The Time I Told a Little White Lie

I love the weekend days I get to write for several hours in one sitting. But most often, my writing time happens between the time my daughter goes to bed and my husband gets home from work—usually about 8:30 to 11:30pm. One school night I was feeling the pressure of an editing deadline. So, I might have taken advantage of my daughter watching her show on the TV and not the iPad (where she can check time easily) and told her that it was bedtime a whole 45 minutes earlier than it really was. “Wow, Mom, tonight went by fast.” *Side eye.* I know, I know! But those edits were hopping like little monkeys on my back, folks. I needed the house dark and quiet and primed for super stealthy word-ninja’ing. Thankfully it didn’t backfire and everybody won. I stayed on deadline and my daughter was extra rested the next morning. Win-win. Right?

The Time It All Paid Off

Just a few days ago, I finished content edits and was ready to send my book back to my editor for a final edit. To my surprise, my daughter excitedly asked if she could be the one to hit “send” on the email. She did, then we danced around the dining room together. She graced me with “Mom, I’m so proud of you. You’ve worked so hard.” And just like that, the late nights, wishing I could be a full time author, and writing in undisclosed locations suddenly didn’t feel so burdensome. She was watching my hard work and determination despite the inconveniences. Maybe one day she’ll have her own stories to tell about how she did something hard (and worth it) despite the obstacles.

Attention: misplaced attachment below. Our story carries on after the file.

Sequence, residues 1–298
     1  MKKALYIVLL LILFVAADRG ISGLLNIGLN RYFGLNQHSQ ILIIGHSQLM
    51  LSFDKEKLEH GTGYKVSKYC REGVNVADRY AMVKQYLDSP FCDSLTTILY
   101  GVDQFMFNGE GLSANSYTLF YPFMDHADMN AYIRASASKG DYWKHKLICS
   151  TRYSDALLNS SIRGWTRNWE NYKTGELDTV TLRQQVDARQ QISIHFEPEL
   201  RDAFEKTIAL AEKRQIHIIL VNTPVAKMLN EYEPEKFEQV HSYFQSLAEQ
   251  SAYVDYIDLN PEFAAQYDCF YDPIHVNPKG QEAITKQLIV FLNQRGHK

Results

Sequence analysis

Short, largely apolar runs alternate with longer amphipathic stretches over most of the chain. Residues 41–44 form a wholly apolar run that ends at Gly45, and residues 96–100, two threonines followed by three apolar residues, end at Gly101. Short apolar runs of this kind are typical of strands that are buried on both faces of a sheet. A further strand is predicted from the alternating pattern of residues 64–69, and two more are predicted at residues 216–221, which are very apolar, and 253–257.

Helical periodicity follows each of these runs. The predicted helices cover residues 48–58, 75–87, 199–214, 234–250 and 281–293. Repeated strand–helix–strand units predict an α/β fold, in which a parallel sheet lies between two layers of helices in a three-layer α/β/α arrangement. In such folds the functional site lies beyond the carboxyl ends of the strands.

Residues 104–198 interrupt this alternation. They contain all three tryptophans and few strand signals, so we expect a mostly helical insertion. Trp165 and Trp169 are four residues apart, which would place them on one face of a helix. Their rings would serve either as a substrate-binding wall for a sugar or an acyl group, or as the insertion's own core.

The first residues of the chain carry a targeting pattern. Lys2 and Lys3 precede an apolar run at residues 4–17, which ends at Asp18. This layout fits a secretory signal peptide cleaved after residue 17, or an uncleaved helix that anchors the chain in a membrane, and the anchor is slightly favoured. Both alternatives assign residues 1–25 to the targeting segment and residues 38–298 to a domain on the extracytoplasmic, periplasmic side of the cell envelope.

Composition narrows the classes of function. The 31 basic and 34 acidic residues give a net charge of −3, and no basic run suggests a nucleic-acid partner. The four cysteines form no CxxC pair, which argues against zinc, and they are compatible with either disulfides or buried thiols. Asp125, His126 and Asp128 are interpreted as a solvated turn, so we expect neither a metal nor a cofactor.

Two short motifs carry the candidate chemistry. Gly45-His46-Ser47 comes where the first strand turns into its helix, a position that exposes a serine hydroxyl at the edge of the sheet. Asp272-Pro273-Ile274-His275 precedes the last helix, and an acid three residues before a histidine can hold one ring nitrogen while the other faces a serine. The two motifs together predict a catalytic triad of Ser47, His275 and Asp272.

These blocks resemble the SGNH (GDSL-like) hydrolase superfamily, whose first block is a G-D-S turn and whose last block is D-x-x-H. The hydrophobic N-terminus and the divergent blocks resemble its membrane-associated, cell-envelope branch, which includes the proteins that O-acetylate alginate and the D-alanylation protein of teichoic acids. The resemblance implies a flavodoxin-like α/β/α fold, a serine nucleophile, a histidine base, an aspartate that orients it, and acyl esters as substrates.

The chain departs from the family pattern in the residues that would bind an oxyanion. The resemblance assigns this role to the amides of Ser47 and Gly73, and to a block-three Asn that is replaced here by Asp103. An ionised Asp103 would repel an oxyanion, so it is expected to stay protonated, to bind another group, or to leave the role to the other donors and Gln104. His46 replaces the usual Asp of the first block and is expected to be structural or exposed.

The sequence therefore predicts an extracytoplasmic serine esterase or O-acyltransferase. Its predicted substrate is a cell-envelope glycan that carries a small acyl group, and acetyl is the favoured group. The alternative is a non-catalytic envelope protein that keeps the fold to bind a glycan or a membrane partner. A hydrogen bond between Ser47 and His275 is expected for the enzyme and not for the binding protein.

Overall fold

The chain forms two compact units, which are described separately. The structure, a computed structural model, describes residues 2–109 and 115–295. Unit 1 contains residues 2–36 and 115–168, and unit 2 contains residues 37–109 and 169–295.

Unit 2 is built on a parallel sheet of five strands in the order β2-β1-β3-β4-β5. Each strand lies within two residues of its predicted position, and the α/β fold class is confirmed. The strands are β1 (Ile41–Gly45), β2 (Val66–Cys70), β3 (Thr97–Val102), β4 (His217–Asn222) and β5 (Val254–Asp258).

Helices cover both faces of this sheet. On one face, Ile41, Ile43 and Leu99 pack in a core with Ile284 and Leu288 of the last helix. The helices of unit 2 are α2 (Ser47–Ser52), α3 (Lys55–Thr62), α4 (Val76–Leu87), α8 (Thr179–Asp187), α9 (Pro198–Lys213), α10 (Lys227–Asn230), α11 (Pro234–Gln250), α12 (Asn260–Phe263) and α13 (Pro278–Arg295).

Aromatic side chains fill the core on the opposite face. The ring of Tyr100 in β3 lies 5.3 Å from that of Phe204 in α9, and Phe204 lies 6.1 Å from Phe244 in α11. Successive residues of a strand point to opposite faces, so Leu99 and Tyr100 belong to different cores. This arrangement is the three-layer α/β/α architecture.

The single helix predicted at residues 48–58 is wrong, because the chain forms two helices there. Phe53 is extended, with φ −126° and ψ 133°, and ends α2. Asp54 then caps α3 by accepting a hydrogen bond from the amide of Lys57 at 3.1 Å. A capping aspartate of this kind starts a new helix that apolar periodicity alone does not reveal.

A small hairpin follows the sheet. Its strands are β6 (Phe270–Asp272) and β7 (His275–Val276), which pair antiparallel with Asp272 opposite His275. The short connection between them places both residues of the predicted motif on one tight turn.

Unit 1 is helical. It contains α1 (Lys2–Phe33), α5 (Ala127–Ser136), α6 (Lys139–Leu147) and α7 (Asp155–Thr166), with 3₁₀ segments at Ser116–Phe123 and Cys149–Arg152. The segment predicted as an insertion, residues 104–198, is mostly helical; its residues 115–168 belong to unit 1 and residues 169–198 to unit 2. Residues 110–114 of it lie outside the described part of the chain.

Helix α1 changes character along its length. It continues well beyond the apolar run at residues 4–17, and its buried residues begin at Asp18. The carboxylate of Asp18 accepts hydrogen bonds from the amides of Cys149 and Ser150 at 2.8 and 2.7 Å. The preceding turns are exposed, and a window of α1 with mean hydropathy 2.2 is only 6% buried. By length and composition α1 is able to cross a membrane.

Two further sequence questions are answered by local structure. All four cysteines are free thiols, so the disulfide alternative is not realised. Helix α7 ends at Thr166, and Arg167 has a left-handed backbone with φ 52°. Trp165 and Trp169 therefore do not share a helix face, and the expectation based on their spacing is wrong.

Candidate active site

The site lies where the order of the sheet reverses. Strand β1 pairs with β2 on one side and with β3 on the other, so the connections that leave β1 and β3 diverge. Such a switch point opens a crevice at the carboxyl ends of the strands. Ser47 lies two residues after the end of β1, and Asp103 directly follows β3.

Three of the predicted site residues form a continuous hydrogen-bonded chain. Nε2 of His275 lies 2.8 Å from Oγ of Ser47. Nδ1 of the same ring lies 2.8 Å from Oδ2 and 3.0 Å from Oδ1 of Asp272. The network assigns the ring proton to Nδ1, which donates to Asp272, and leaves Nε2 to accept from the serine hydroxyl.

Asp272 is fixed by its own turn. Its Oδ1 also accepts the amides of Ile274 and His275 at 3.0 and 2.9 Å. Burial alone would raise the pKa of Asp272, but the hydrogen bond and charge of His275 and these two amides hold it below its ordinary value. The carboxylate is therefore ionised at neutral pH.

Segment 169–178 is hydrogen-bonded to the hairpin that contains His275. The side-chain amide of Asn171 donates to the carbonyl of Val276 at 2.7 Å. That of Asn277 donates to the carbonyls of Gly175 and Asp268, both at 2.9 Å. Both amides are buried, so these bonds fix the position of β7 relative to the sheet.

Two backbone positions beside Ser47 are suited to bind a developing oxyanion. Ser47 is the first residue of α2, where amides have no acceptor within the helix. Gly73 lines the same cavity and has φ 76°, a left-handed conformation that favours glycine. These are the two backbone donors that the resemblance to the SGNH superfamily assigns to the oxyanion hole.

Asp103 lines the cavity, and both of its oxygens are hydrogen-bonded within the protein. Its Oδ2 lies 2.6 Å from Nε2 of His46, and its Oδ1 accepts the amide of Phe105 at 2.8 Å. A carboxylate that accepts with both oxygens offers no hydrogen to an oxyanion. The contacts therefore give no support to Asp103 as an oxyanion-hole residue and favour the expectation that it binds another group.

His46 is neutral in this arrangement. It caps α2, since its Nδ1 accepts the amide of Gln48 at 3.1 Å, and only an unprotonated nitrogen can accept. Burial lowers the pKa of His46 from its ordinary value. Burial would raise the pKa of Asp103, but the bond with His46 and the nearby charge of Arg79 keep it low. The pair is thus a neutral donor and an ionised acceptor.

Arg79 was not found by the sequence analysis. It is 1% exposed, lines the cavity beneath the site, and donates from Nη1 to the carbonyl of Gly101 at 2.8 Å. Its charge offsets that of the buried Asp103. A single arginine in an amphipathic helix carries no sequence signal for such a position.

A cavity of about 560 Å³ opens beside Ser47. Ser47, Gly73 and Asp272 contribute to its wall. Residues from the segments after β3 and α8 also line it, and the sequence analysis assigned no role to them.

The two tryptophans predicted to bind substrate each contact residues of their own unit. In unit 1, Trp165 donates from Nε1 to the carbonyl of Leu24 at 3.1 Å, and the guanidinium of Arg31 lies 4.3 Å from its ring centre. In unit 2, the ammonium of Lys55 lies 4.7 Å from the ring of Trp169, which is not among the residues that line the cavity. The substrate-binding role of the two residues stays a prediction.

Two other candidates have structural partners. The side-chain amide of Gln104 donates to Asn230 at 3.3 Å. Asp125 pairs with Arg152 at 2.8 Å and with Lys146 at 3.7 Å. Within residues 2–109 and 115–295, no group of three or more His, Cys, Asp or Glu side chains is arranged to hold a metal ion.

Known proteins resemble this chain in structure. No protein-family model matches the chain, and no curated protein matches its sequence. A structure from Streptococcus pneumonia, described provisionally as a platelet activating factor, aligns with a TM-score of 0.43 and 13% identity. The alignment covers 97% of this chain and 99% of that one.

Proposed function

Just maybe this writer-mom thing is the perfect predicament for me.

*Disclaimer: No children, animals, or husbands were injured in the making of this author’s writing career. I obviously love them very much – but we’ve got to laugh about this thing called life, yeah?
Are you a mom- or dad-writer? Or maybe a full-time day jobber…multitasking word ninja? How do you find time to write despite your obstacles?

About Teresa Tysinger

Check out Teresa’s debut novel, Someplace Familiar, coming out late this May! Download a free sample chapter here (http://teresatysingerfreebies.com). Find Someplace Familiar on Goodreads (https://www.goodreads.com/book/show/34496657-someplace-familiar) today. Available on Amazon soon!